It’s important for patients to be aware of all treatment options available to them because different approaches offer different potential outcomes. Although scoliosis is incurable, it is highly treatable, but only proactive treatment that impacts the condition on every level can achieve corrective results.
There are different ways to treat scoliosis, both surgically and non-surgically. The Schroth Method is a physical therapy approach to treating scoliosis by focusing on restoring muscle symmetry, breathing patterns, and postural awareness.
Let’s start our discussion of the Schroth Method by first defining scoliosis and the parameters that have to be met to reach a scoliosis diagnosis.
The spine’s natural and healthy curves make it stronger, more flexible, and better able to absorb/distribute mechanical stress, like a coiled spring.
There are many different types of spinal conditions that involve a loss of its healthy curves, and this can disrupt the biomechanics and function of the spine.
Scoliosis is the development of an unnatural sideways spinal curve, with rotation and a minimum Cobb angle measurement of 10 degrees.
It’s the rotational element that makes scoliosis a 3-dimensional condition as the spine doesn’t just bend unnaturally to the side but also twists.
A patient’s Cobb angle is determined during X-ray and involves drawing intersecting lines from the tops and bottoms of the most-tilted vertebrae (bones of the spine) at the apex of the curve; the resulting angle is expressed in degrees and classifies conditions by severity:
The higher the Cobb angle, the more severe the condition, and the more likely it is to cause noticeable symptoms; in children and adolescents, the main symptom is postural deviation, and in adults, it’s pain.
Scoliosis is progressive, meaning it has it in its nature to worsen over time, which is why where a scoliosis is at the time of diagnosis is not indicative of where it will stay. Mild scoliosis can easily progress to moderate, severe, and very severe, especially if left untreated or not treated proactively.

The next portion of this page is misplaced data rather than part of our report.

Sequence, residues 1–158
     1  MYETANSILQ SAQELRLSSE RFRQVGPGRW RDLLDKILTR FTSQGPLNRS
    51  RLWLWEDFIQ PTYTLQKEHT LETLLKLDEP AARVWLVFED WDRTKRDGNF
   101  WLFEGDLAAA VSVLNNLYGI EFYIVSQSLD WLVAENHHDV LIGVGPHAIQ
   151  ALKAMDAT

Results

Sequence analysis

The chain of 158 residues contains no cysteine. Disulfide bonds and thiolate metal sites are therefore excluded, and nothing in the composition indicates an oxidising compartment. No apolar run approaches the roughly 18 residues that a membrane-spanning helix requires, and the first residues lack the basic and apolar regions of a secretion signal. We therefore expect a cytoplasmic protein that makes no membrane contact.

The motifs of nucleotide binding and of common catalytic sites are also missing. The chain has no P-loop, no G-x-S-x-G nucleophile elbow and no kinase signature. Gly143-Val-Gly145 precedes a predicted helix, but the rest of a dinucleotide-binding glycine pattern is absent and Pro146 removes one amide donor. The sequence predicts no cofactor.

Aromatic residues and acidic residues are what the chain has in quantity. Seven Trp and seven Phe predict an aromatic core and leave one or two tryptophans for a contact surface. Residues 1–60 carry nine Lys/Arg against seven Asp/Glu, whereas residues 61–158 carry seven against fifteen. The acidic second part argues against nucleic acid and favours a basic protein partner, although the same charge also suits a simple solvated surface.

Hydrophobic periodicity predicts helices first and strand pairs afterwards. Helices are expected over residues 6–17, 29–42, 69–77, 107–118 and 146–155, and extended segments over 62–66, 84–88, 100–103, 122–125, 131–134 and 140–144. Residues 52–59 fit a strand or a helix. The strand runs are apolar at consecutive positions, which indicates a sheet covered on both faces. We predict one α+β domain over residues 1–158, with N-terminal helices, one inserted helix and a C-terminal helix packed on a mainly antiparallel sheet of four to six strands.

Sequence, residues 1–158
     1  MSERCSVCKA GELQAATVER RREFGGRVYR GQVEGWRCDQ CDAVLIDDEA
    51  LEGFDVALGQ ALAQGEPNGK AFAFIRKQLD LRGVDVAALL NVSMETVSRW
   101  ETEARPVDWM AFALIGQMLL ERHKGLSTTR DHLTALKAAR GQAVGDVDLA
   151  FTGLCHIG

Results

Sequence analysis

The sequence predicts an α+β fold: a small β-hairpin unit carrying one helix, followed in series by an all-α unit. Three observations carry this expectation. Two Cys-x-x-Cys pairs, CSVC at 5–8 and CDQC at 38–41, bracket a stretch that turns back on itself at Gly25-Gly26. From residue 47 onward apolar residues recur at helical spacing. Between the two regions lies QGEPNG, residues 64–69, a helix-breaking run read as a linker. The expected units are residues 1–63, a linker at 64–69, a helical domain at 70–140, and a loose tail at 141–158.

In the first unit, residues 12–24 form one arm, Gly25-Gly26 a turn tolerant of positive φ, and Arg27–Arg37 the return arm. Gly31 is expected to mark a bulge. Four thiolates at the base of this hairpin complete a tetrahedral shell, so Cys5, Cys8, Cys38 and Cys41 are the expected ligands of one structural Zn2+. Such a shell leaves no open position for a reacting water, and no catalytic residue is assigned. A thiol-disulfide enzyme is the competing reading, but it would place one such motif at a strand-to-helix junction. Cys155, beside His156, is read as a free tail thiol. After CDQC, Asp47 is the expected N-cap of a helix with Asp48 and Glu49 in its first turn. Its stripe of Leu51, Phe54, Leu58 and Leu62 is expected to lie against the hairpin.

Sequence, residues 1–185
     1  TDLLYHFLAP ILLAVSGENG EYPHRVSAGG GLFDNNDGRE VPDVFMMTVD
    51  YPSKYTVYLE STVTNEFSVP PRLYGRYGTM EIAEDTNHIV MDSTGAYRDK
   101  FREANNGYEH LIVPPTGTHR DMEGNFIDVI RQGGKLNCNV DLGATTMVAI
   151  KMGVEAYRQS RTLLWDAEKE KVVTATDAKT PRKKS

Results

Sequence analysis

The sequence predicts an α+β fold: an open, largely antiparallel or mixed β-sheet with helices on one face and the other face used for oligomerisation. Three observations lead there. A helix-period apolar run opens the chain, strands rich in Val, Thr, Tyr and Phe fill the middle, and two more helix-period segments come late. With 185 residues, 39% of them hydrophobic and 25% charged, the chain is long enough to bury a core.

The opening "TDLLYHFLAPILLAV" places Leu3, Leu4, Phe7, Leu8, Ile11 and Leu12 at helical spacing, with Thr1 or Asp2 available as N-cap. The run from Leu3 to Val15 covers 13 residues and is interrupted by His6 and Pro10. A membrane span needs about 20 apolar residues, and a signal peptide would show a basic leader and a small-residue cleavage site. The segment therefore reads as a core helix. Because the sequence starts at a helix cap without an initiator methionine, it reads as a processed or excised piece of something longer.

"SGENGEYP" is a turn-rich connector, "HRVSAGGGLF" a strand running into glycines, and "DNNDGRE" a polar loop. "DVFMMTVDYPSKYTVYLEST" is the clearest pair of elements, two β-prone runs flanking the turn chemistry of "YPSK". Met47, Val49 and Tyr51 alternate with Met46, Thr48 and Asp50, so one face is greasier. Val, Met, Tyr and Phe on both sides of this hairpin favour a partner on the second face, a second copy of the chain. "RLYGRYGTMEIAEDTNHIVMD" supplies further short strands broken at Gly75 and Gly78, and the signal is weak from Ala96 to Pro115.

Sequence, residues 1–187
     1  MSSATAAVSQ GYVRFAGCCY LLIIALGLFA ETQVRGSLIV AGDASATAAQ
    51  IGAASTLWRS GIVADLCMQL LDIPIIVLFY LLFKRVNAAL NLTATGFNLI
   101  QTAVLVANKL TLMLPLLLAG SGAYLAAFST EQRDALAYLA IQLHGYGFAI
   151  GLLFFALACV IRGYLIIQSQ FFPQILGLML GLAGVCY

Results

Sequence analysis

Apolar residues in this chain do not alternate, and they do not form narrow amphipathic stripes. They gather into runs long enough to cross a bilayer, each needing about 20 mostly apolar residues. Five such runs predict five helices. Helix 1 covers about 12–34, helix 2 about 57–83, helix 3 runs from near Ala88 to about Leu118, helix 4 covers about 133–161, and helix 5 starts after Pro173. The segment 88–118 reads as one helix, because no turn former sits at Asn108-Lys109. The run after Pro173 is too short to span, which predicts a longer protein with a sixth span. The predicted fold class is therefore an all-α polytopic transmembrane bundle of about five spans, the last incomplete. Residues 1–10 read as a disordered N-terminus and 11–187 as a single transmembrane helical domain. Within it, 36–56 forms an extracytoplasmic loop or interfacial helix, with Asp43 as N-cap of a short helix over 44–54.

Only proactive treatment can stop scoliosis from progressing, and as a progressive condition, the best time to start treatment is always now.
Now that we’ve defined the condition and explored the parameters that must be met to diagnose scoliosis, let’s move on to defining the Schroth Method for scoliosis.
The Schroth Method for scoliosis is a physical therapy treatment approach that uses specific exercises customized to each patient’s curve.
The Method is a non-surgical treatment option that works towards returning the scoliotic spine to a more natural position, and the goal of Schroth exercises is to elongate, de-rotate, and stabilize the spine in all three dimensions; remember, scoliosis is a 3-dimensional condition.
Schroth's physical therapy focuses on restoring muscle asymmetry and spinal alignment, teaching patients to breathe into the concave side of their body (rotational angular breathing), and postural awareness, mainly through the use of mirrors.
The Schroth method is a long-term form of treatment that requires a full commitment as patients have to perform the exercises daily at home, and if not performed precisely as prescribed or for the length of time needed, they will be ineffective.
The length and intensity of treatment will be case-specific, with typical sessions running from 45 minutes to an hour, performed daily for up to five months or more; again, each case is unique.
Particularly when talking about the condition’s most-prevalent form, adolescent idiopathic scoliosis (AIS) diagnosed between the ages of 10 and 18. It can be difficult for these adolescents to commit to the course of treatment.
If the Schroth Method successfully reduces a curve, efforts have to continue to sustain those results.
Now that we’ve discussed the Schroth Method, let’s move on to a similar but less lengthy method that I like to use: SEAS.
What is SEAS?
SEAS stands for the Scientific Exercises Approach to Scoliosis, and like the Schroth Method, it focuses on the power of scoliosis-specific exercise to impact the condition.
SEAS uses self-correction techniques performed without the use of equipment that is customized to address the specifics of the patient and their condition.
The main goal of SEAS is improving spinal stability and using scoliosis-specific exercises (SSEs) to train neuromotor function to stimulate by reflexes, a self-corrected posture, and a more natural body positioning.